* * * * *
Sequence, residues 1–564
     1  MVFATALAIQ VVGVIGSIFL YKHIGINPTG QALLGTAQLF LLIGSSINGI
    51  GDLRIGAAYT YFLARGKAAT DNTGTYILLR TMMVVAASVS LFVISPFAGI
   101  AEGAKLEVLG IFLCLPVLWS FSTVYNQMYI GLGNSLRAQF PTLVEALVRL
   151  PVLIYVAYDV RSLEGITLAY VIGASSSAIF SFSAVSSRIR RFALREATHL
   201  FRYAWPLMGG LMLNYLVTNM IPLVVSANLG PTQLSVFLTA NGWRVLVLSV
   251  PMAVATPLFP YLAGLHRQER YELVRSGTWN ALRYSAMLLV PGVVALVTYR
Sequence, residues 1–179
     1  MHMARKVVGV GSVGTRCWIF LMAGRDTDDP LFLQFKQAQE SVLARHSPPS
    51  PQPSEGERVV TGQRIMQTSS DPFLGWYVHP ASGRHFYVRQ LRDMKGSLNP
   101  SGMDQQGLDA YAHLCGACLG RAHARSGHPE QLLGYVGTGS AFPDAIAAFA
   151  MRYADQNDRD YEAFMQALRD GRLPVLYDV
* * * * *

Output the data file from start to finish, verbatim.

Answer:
Sequence, residues 1–564
     1  MVFATALAIQ VVGVIGSIFL YKHIGINPTG QALLGTAQLF LLIGSSINGI
    51  GDLRIGAAYT YFLARGKAAT DNTGTYILLR TMMVVAASVS LFVISPFAGI
   101  AEGAKLEVLG IFLCLPVLWS FSTVYNQMYI GLGNSLRAQF PTLVEALVRL
   151  PVLIYVAYDV RSLEGITLAY VIGASSSAIF SFSAVSSRIR RFALREATHL
   201  FRYAWPLMGG LMLNYLVTNM IPLVVSANLG PTQLSVFLTA NGWRVLVLSV
   251  PMAVATPLFP YLAGLHRQER YELVRSGTWN ALRYSAMLLV PGVVALVTYR
Sequence, residues 1–179
     1  MHMARKVVGV GSVGTRCWIF LMAGRDTDDP LFLQFKQAQE SVLARHSPPS
    51  PQPSEGERVV TGQRIMQTSS DPFLGWYVHP ASGRHFYVRQ LRDMKGSLNP
   101  SGMDQQGLDA YAHLCGACLG RAHARSGHPE QLLGYVGTGS AFPDAIAAFA
   151  MRYADQNDRD YEAFMQALRD GRLPVLYDV